7. South Africa, Zimbabwe, and Mozambique are tearing down fences between the countries’ game parks to create a 13,500 square mile game park, which will become the largest conservation area in the world. It will be bigger than Switzerland, Belgium or Taiwan.
8. South Africa has a penguin colony, which thrives thanks to the cold Antarctic currents on the west coast near the Cape.
9. South Africa is rated 3rd in the world in supplying safe, drinkable tap water.
10. The Palace of the Lost City resort hotel is the largest theme resort hotel in the world as well as the largest building project undertaken in the southern hemisphere.
11. Walt Disney serves South African wine exclusively at its 73-acre Animal Kingdom Lodge in the United States.
12. South Africa has the cheapest electricity in the world.
13. The deepest mine is a gold mine in South Africa. In 1977 the Western Deep Levels Mine reached a depth of 11,749 feet. Most mines descend to about 3,300 feet.
14. South Africa is the only country in the world to voluntarily abandon its nuclear weapons program.
15. South Africa has 19,004 miles of railway track – 80% of Africa’s rail infrastructure.
16. South Africa generates two-thirds of Africa’s electricity.
17. The Tugela Falls is the second highest waterfall in the world, where the water tumbles down 2,789 feet. First place goes to the Angel Falls in Venezuela at 3,212 feet.
18. Blyde River Canyon is the third largest canyon in the world – and the largest green one. The Grand Canyon in the U.S. Is the biggest, and the Fish River Canyon in Namibia the second, but both are very dry.
19. South Africa is home to the world’s smallest succulent plants (less than 0.39 inches) and the largest (the baobab tree).
20. Kimberley may have the biggest man-made hole in the world, but did you know that the southern Free State town of Jagersfontein has the deepest vertical man-made hole?
21. The only street in the world to house two Nobel Peace prizewinners is in Soweto. Nelson Mandela and Archbishop Desmond Tutu both have houses on Vilakazi Street in Soweto.
22. South Africa is the world’s largest producer of macadamia nuts.
23. South Africa has the third highest level of biodiversity in the world.
24. South Africa is the world’s leader in mining and minerals. It has nearly 90% of the platinum metals on earth, 80% of the manganese, 73% of the chrome, 45% of the vanadium and 41% of the gold.
25. South Africa is the first country in Africa to host the prestigious FIFA World Cup (will take place in 2010).
26. South Africa has the oldest meteor scar in the world, just across the Vaal River near Parys, called the Vredefort Dome. This is a UNESCO World Heritage Site.
27. South African grasslands have approximately 30 species per square kilometer, greater than the biodiversity of rainforests.
28. South Africa is the sole producer of the Mercedes Benz C Class, right-hand drive vehicles .
29. General Motors South Africa will be the only manufacturing site outside of the United States to build the Hummer H3 vehicle.
30. South Africa is one of the most generously endowed geographic solar hotspots in the world, soaking up just over half of the world’s highest category of solar wattage per square yard of land.
31. South Africa has deserts, mountains, escarpments, plateaus, grasslands, bush, wetlands and subtropical forests.
32. Most of the world’s proto-mammalian fossils are found in the Karoo region.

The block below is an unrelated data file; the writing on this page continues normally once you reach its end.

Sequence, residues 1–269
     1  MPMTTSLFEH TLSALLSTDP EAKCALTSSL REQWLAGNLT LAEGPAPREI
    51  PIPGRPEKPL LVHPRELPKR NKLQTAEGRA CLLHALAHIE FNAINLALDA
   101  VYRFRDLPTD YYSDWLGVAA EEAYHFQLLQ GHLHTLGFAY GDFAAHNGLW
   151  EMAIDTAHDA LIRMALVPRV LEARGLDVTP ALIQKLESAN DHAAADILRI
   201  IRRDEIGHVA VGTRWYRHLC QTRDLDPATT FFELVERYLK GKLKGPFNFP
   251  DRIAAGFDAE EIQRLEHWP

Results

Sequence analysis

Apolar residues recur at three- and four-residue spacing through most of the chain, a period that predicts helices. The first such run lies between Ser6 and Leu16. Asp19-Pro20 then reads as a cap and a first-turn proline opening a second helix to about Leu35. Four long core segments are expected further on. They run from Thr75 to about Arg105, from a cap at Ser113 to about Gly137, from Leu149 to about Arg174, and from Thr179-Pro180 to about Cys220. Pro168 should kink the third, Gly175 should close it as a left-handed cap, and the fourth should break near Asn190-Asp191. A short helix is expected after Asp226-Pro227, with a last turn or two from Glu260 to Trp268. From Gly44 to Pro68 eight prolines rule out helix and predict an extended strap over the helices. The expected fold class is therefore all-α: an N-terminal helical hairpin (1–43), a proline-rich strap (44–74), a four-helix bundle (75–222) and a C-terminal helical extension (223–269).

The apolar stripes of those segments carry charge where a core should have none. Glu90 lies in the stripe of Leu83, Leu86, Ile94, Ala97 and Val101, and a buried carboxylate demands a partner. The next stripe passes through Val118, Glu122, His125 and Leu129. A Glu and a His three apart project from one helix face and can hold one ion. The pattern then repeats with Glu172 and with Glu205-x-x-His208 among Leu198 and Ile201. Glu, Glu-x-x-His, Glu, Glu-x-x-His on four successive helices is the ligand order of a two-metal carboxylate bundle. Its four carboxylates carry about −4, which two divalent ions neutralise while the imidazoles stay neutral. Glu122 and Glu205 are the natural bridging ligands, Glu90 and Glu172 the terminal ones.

33. Dr. Christiaan Barnard, at Groote Schuur Hospital in Cape Town, performed the first human heart transplant in the world in 1967. He was also the first to do a “piggyback” transplant in 1971, and he was the first to do a heart-lung transplant.
34. The vast majority of South African coal exports are shipped through the Richards Bay Coal Terminal (RBCT). With the capacity to export 79.4 mmst annually, RBCT is the world’s largest coal export facility.
35. The world’s largest diamond was the Cullinan Diamond, found in South Africa in 1905. It weighed 3,106.75 carats uncut. It was cut into the Great Star of Africa, weighing 530.2 carats, the Lesser Star of Africa,
Whats the difference between Cheetahs.jaguars and leopards and pathers???? they all look the same??
im studying them but i cant tell the difference between the 4 they all look the same
There may be a superficial resemblance between these animals, especially leopards and jaguars, but it’s actually fairly easy to tell them apart once you know what to look for.
Leopards (Panthera pardus) are found in Asia and Africa. They are the fifth largest members of the cat family, weighing up to 200lb. They are excellent climbers and often take their kills into trees to keep them out of reach of other predators. In comparison with jaguars, they are smaller and less powerfully-built, with proportionally longer legs and tail and a narrower head. Their spots are arranged in small rings.
Jaguars (Panthera onca) are the third largest cats, weighing a maximum of 350lb. They are found in South and Central America (recently a few individuals have even been caught on camera-traps in the extreme southern US). They love water and often hunt fish and turtles. Jaguars are bigger and more heavily-built than leopards, with proportionately shorter legs and tail and a broader head. The spots are arranged in large, blotchy rosettes.
Cheetahs (Acinonyx jubatus) stand taller than leopards and jaguars, but are slender and lightly-built as they are built for speed. The legs and tail are long, and the head is small and rounded, with a distinctive black ‘tear-mark’ running from the inner corner of each eye to the corner of the mouth (these are a good way of telling cheetahs from leopards or jaguars if you can’t tell from the body-shape). The spots are small and solid black. Cheetahs are found in Africa, with a small relict population (only around 50 animals) in Iran.